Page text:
“avoid someone who is easy to be with because they don’t challenge you”

The coach may come from a similar functional background or something completely different, but as they not working with you on technical issues but rather on helping you more strategic and interpersonal challenges, they mainly just need to understand corporate dynamic and how they can affect your performance so they can guide you through them more effectively. For example coaches who come from an entrepreneurial or start-up background may focus on helping young entrepreneurs as they kick-off their business but may not be as effective with CEOs of large multinationals.

2. Methodology – It is important that the coach understand the process of coaching and can articulate it clearly. This is not about giving a step by step account of what will happen in the coaching, as this will be influenced by the client and the challenges being faced, but the coach should be able to communicate and share the framework that they use, the timeframes that they generally work within, the type of work and challenges that they have experience in dealing with, and the broad framework of the process. This is to ensure that you are being taken on an actual, measurable, goal-focused journey, rather than a meandering personal conversation with no clear objectives.

3. Fit -this does not mean that you need to like the coach, and in fact, it is expected that a coach can challenge you and move you you from your comfort zone (albeit in a respectful and humane way), otherwise they would not be doing their job, but it is important that you believe that this a person that you can work with and that you can comfortably and securely share confidences with and be completely open to. If you cannot, the coaching process will at best be slowed down and at worst completely ineffective.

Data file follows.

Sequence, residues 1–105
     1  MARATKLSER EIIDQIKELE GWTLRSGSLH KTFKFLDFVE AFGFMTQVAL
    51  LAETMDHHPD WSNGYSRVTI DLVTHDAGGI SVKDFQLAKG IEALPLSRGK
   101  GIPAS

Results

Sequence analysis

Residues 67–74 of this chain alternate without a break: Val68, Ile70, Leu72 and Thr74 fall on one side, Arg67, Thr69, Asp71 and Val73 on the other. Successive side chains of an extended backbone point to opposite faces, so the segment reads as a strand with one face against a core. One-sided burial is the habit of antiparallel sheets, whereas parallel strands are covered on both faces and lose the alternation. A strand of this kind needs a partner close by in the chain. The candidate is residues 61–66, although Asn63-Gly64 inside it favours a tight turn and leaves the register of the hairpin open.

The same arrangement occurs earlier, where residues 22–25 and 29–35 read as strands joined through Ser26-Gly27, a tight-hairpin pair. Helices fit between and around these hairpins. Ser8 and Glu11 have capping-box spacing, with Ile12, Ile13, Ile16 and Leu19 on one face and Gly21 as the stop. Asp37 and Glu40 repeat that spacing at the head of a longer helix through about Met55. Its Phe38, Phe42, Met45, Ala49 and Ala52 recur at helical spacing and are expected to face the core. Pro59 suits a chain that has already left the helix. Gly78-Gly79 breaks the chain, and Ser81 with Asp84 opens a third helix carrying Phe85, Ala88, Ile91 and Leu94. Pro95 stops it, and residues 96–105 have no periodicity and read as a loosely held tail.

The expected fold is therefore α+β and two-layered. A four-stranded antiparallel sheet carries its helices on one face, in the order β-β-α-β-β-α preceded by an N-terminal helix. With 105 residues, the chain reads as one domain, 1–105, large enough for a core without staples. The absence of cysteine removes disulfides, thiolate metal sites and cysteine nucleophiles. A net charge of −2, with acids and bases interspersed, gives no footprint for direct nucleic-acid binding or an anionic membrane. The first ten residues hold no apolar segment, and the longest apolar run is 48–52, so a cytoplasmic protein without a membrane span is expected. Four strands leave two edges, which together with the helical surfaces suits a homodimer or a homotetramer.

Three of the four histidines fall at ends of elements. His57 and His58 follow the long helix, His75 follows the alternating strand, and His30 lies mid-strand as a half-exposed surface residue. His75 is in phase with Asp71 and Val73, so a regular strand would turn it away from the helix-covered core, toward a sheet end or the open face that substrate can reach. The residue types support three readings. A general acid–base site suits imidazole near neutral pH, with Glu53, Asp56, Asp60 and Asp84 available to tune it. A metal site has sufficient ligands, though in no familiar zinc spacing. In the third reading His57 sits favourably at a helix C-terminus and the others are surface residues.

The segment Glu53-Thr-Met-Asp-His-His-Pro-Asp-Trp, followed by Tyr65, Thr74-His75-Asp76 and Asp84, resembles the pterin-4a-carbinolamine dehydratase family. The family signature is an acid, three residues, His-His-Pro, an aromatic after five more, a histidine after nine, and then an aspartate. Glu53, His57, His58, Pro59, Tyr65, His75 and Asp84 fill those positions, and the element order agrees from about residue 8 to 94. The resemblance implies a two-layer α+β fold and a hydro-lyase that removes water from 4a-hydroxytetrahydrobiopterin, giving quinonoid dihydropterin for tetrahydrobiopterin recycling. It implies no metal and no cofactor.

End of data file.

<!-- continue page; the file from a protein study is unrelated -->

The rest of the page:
4. Flexibility – different problems require different approaches but there are many coaches who will focus only on one technique or approach because that is all they know. While expertise in specific tools and approaches is very important, it is just as essential that the coach will be able to work with you in a way that best suits you and the challenge you are currently facing. The old saying that the person with a hammer sees every problem as a nail is apropos.

5. Gravitas – The coach should come across as credible, both in their experiences and background, and in person. They should be seen to take their role as a senior sounding board seriously.

Psychological Awareness – While coaches should not be expected to be psychologists, and they should never be doing therapy with clients, a strong foundational understanding of psychological theory and its practical use is essential to achieve everything from building rapport to influencing the coachee within ethical bounds.

There are many other things that may be important in your own selection of a coach, but don’t let that stop you from finding one soon and focusing on taking your performance to the next level!

For a free consultation with no expectations, please get in touch. If we do not have the right coach for you, we will gladly help you find them.